Figure skating is perhaps the least understood sport. The average layperson refers to every movement a skater completes as a "triple Axel" and forgets about the sport for four years at a time. Yet skating is, for some, an all-encompassing passion. A global sport, skating provides a lens through which one can explore some of the past century's major historical phenomena (the AIDS crisis, the Cold War) and cultural trends (the cult of the sports commentator). The literature around figure skating is like the sport itself—entertaining, utterly human, flush with both absurdity and beauty. Here are the vital nonfiction skating books for any figure-skating syllabus.
Toller Cranston, author of Zero Tolerance, did not, as his book's subtitle states, revolutionize figure skating. But you've got to give props to a guy who presents himself, on the cover of his memoir, as a shirtless, fuchsia-tinted, and crucified figure skater. Such boldness (and dramatic self-presentation) was exactly the quality that made Cranston both a six-time Canadian national champion—and also the object of head-shaking dismay on the international competition circuit. Cranston eventually wrote another book, When Hell Freezes Over: Should I Bring My Skates?, and gave up skating to paint in Mexico.
Wordplay and figure skating might not seem like natural companions, but the two are inextricable when it comes to Dick Button. Known for his signature combination of antiquated slang and made-up jargon, Button is an Olympic champion, the first American to land a triple jump, a Harvard graduate, and a long-time skating commentator. His shining moment of glory in the aughts was when he screamed "What a gladiatress!" in reference to a young Tara Lipinski. Now, that is some linguistic tomfoolery.
When it comes to figure skating, sometimes what you really want is just to see the fleeting moments of contortionism frozen. Enter choreographer Sandra Bezic, whose Rolodex looks a lot like a Who's Who of famous figure skaters, and whose personal stories about working with the world's best only take up about a quarter of the total page space in her book. The glossy action shots are incredible, particularly one multi-exposure photograph of Brian Boitano performing his signature "Tano Lutz" while wearing a bright-red jumpsuit. Best of all, however, is the shot capturing a manic look of glee on Viktor Petrenko's face as he lands a jump at the 1992 Olympics.
No one deserves to be named an honorary figure skater more than Christine Brennan. The veteran sportswriter gained unparalleled access to many of the sport's icons, and in this book she reports on everything from the Tonya Harding-Nancy Kerrigan shitshow to the way in which the AIDS crisis ravaged the sport to the lives of skating has-beens. Brennan writes of figure skating with both dry wit and respect, and she's interested in skaters' lives both on and off the ice. As it turns out, there is more crossover than one might think. "While figure skating has been made out to be a fantasy world of pretty dresses and caked-on makeup," she observes, "it turns out to be the sport that most closely mirrors real life. Strangers—judges—make decisions about a skater based on appearance, gossip, and on what they did in the past. Skaters might not realize it until later, but, in this sport, they are getting a fine introduction to the rest of their lives."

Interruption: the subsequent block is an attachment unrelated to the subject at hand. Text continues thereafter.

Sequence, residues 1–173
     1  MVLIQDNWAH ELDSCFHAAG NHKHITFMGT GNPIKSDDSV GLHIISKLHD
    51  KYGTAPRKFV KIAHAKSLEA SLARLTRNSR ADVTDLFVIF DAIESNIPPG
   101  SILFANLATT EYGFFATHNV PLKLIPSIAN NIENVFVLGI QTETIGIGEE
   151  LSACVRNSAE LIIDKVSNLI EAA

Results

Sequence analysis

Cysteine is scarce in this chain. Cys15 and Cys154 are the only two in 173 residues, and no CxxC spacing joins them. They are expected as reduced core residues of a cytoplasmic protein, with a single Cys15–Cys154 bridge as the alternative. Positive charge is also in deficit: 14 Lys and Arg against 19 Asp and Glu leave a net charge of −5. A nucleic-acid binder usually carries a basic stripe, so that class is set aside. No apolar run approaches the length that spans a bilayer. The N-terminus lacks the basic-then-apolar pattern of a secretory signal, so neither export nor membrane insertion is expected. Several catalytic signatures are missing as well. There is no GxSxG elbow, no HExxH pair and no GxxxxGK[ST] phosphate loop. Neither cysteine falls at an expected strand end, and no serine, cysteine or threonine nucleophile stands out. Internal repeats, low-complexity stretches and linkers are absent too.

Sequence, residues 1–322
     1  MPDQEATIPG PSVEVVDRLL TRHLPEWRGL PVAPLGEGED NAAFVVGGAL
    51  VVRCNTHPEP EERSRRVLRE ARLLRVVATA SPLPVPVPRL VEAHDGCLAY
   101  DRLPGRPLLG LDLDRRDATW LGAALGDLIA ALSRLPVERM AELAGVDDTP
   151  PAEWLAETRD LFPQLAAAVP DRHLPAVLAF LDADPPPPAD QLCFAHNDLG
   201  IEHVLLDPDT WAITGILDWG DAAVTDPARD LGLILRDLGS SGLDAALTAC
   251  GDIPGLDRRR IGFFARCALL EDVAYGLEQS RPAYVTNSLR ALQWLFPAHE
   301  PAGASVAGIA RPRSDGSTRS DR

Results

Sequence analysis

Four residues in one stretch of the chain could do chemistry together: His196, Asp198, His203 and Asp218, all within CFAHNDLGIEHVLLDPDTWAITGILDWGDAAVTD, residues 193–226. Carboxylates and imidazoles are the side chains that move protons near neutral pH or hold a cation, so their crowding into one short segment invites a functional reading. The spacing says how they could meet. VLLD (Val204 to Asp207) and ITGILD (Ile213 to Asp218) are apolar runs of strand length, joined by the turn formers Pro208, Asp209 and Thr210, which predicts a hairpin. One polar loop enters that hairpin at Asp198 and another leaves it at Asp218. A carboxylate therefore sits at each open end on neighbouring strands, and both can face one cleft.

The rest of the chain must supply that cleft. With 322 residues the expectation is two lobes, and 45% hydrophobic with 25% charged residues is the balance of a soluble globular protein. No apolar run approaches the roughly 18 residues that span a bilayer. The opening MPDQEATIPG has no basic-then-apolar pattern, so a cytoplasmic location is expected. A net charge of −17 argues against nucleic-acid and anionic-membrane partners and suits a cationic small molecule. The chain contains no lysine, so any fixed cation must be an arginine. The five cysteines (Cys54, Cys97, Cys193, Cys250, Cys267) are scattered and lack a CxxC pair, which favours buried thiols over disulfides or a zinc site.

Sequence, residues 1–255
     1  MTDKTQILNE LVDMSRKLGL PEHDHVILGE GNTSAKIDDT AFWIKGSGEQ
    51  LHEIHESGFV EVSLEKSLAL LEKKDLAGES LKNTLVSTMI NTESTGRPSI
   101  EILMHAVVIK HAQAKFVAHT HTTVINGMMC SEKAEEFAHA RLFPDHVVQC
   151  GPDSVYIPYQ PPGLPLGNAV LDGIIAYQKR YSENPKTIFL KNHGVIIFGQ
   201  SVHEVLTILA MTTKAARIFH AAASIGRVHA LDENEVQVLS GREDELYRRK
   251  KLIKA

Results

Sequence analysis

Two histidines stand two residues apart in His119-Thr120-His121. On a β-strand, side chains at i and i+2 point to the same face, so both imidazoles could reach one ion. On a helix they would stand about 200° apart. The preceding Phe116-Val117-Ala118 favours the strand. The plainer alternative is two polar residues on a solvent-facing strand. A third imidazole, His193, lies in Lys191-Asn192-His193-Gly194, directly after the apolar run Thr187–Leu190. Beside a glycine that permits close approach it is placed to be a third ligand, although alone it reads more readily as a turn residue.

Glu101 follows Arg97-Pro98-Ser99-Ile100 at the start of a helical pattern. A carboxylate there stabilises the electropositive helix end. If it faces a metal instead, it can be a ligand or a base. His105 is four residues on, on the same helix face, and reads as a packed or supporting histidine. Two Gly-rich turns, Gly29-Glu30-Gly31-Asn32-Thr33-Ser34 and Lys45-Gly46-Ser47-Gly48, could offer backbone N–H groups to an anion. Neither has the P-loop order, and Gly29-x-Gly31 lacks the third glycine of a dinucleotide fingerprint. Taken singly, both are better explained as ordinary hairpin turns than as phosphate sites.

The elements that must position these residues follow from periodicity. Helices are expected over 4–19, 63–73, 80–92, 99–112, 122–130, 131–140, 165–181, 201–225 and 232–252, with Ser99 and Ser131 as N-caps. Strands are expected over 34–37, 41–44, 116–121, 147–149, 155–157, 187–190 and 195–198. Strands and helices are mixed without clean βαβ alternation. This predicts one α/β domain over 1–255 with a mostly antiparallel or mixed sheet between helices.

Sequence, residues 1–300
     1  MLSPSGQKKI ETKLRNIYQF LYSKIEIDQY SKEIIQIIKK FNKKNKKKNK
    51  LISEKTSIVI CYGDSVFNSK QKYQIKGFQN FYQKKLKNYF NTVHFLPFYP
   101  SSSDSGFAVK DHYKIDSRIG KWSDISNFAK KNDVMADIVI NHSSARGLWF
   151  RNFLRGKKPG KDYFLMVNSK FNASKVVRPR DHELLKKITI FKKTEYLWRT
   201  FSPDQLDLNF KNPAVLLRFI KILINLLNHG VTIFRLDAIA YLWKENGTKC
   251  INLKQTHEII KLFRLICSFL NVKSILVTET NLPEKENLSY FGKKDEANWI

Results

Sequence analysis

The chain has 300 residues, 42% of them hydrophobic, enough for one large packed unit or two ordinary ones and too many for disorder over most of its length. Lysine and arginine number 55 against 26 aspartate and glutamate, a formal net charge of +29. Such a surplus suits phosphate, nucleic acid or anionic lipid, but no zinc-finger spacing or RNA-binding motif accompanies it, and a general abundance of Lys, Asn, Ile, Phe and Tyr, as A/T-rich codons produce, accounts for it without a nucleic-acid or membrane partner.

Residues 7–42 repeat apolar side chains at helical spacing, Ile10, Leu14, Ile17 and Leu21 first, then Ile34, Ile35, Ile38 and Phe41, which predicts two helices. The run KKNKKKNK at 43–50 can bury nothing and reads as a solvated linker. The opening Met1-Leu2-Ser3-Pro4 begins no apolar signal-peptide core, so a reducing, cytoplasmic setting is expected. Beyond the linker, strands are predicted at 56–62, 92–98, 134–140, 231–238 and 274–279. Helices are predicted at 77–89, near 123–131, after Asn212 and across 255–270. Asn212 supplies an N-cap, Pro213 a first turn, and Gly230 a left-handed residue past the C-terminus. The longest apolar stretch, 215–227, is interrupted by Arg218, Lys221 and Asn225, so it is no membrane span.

If you've ever wanted to know "What Would Brian Boitano Do?" look no further than this combination memoir, coffee table book, and primer. Not only does Boitano include copies of personal thank-you notes, costume sketches, and photographs of some pretty amazing 1980s athletic wear, he explains skating slang like "take out the flowers," an expression meaning to crash into the boards of the rink. The book dedicates an entire section to Brian's skating tour scrapbook and profiles of his skating friends. Why? Because that's what Brian Boitano would do!
In 1995, at the age of twenty-eight, two-time Olympic champion Sergei Grinkov died of a massive heart attack. His wife and skating partner Ekaterina Gordeeva wrote this book as a tribute to their life together. Gordeeva's memoir spans their fourteen-year relationship, but it also paints a rare portrait of life in 1980s Soviet Russia, federation-issued caviar and all.
Actually, you probably can't. What you can do, however, is read what is probably the best worst self-help book ever written. You will wonder if the book is a parody and realize with astonishment that it is not. With its charming advice about how sometimes you just have to starve yourself, you will finally be able to understand, in a lightheaded daze, why figure skaters are often insane. Keep this book away from children.
Tracy O'Neill is a writer living in Brooklyn. In 2012 she was awarded the NYC Emerging Writers Fellowship by the Center for fiction, and she currently teaches at the City College of New York.